We pre-treat our plants with an organic bacteria rich compost tea to prevent its growth. Once established it can be treated with a low pH wash followed by neutral spray.
Mites are also quite common, typically two spot spider mite.
These can be controlled with predatory mites specific to the pest.
The last most common problem is botrytis .
This mold will typically develop in the hearts of the buds in any area that has been previously damaged (Caterpillars, Aphids, mites, powdery mildew, Ect). It will typically begin in the largest buds hidden from view. Once you see signs of mold developing you must harvest immediately.
How often do males/hermaphrodites come up in a "female" population?
We've observed between 1:2500-4000. You will have to assume that there is at least some male flowers on a plant in every acre. You will need to walk your fields to find them. There's unfortunately there's no exception to this and it even happens in clonal populations when there is any stress on the plants. YOU MUST WALK YOUR FIELDS!
What does a male/hermaphrodite look like?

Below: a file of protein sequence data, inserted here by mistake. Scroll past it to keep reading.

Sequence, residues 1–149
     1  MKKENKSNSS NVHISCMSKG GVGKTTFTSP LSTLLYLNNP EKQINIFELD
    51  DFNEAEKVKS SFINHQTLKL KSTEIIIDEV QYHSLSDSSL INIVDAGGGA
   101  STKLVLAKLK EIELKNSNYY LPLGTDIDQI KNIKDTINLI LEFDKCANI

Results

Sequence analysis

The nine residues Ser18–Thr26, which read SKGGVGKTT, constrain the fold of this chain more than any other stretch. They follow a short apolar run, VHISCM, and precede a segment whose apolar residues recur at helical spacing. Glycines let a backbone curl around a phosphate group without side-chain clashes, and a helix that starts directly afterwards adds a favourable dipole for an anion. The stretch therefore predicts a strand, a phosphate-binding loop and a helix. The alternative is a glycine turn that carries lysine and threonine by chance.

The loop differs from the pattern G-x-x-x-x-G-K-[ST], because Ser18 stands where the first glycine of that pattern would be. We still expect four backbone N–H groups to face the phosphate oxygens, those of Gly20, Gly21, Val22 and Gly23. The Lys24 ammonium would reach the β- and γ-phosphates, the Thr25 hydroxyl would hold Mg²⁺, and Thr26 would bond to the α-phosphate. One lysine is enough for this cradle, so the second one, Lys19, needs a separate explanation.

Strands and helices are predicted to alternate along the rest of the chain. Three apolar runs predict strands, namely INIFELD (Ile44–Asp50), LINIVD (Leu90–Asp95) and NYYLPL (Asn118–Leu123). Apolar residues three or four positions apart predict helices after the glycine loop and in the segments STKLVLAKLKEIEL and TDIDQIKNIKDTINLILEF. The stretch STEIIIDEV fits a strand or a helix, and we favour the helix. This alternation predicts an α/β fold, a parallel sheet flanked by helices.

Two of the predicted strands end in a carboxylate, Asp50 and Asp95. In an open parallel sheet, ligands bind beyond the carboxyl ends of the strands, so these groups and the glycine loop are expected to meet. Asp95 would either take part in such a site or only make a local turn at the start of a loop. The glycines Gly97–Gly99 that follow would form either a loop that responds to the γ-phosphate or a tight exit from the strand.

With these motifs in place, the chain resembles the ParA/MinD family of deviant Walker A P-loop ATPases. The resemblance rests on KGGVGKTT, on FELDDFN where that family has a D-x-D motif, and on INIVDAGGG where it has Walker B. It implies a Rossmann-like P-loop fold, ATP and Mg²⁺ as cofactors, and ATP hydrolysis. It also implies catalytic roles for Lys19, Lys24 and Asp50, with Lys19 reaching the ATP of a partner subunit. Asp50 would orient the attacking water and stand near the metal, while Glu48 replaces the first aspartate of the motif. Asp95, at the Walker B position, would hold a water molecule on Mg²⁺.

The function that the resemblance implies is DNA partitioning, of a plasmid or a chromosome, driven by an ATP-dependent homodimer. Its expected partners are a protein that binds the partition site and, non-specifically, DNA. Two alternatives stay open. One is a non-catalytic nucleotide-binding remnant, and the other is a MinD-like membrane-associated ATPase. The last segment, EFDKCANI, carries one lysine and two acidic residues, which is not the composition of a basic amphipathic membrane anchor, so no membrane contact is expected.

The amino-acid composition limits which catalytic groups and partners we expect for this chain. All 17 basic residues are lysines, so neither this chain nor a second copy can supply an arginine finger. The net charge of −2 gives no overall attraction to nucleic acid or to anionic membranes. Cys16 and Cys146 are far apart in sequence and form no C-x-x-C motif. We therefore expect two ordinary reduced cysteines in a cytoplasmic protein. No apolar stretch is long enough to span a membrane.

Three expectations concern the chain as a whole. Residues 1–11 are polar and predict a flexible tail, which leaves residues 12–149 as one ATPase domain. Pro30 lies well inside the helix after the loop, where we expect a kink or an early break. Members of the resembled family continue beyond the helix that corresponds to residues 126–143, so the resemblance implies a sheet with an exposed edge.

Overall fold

Male Pollen Sacs hang below/at the nodes in this Hermaphrodite
These plants are often strange looking, or can have a single branch that is full of male flowers, occasionally there can be a full male phenotype.
When should I be testing for crystalline compound levels?
Each Cultivar will mature slightly differently. We encourage you to test your furthest developed phenotypes for crystalline levels at week 3 of flowering. This will allow you to follow the trends of hemp production and will trigger an appropriate inspection and harvest date in the weeks that follow.
How should I harvest?
We recommend hand harvesting, loading into trailers or trucks and driving to your drying area.
What's the best drying method?
Mechanical drying is the fastest method.
Hanging on trellis in a warehouse with dehumidifying capacity is another option.
How do I store my harvest?
Once dried the Hemp can be mechanically broken down for more compact storage in super sacs or the like.
Is there a market?
Yes! Contact us for details.